Travel tips you can trust
Abu Simbel wonder
in Egypt is special
Abu Simbel is famous for its four imposing statues of the seated Pharaoh Rameses. Those sculptures guard his temple's entrance. They and the temple behind them were originally carved out of the same sandstone cliff, over three millennia ago.
Why was it built?
Pharaoh Rameses II wanted to impress his Egyptian subjects of his grandeur -- and to set fear in the hearts of his formidable Nubian enemies who threatened Egypt's southern border.
Is it taller
than photos suggest?
Each of the seated Abu Simbel statues is as high as a five-story building. For scale, notice the statues standing between the pharaoh's legs -- they are life size.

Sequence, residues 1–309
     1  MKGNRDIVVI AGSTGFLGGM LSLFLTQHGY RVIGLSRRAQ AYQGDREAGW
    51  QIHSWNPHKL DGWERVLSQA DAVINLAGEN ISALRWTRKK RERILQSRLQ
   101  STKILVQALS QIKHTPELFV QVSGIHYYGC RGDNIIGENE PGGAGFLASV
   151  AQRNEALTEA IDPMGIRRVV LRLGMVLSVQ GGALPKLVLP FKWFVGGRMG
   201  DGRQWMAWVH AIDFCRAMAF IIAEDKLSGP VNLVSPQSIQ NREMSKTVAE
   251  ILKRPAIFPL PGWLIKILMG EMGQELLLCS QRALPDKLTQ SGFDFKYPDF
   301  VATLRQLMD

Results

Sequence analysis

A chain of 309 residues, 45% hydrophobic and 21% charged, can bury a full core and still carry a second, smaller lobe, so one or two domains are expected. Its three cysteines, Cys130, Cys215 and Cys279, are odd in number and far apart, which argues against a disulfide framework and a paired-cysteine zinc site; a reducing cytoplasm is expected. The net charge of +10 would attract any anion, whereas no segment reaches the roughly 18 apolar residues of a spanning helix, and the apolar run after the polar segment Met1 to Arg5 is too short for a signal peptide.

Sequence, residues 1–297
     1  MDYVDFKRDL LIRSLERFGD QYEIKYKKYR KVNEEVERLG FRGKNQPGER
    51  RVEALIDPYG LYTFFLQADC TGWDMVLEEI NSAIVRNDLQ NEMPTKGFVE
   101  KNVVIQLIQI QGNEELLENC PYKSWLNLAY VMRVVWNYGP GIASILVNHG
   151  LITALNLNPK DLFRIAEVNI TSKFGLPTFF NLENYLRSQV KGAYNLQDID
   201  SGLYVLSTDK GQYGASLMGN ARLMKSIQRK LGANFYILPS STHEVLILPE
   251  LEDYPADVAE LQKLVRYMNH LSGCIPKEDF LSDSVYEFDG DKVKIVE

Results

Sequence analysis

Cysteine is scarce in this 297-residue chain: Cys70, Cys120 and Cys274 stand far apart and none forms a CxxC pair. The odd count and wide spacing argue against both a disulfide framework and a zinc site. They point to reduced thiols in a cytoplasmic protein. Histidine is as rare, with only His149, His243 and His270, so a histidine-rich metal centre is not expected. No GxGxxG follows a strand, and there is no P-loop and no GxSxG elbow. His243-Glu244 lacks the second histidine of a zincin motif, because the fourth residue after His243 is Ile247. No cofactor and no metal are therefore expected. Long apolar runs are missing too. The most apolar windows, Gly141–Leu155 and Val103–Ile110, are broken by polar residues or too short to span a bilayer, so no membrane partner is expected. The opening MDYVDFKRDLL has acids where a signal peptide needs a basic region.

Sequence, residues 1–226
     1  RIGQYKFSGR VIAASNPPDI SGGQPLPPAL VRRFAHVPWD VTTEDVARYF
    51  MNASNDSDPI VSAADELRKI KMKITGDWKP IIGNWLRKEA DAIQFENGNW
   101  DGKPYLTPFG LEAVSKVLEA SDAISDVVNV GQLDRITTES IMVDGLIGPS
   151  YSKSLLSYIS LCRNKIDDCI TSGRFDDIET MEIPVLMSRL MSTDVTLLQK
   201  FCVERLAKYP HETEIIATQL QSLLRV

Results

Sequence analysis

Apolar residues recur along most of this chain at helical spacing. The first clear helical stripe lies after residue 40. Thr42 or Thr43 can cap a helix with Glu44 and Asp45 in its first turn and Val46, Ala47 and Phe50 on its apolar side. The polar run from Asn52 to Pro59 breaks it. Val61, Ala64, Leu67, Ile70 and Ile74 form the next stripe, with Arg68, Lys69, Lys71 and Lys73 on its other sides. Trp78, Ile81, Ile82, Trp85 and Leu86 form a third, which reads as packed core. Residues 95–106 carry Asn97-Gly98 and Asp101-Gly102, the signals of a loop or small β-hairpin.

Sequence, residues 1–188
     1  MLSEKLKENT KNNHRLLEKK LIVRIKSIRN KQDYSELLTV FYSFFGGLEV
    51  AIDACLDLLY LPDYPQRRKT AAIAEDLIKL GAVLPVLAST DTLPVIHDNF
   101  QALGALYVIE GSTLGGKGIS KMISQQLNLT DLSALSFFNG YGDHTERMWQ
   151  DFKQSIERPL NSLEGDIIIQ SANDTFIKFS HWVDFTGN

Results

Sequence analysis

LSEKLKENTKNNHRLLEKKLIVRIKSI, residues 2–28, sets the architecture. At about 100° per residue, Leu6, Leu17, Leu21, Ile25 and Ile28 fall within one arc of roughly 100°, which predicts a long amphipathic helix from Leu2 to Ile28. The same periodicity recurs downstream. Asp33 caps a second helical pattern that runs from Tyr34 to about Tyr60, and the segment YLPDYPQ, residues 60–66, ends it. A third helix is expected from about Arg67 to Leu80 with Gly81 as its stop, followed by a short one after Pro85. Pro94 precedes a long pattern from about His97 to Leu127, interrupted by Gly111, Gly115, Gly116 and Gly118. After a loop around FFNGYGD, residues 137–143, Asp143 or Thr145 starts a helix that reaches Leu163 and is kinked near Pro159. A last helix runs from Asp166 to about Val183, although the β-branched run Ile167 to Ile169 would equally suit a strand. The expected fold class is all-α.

Why did the
Aswan High Dam
threaten Abu Simbel?
The construction of Egypt's vast Aswan High Dam across the Nile River in the 1960s posed a problem. It would have submerged Abu Simbel and therefore lost to future scholars and tourists.
Abu Simbel was moved to higher ground. This required cutting Abu Simbel into large blocks and reassembling them on top of the cliff, safely above the rising waters. This remarkable engineering feat was accomplished by a joint Egyptian and international effort, finishing in the nick of time.
Is there another
Abu Simbel temple?
The nearby temple of the wife of Rameses is also a part of the Abu Simbel complex. That temple is an archaeological must-visit.
Location in Egypt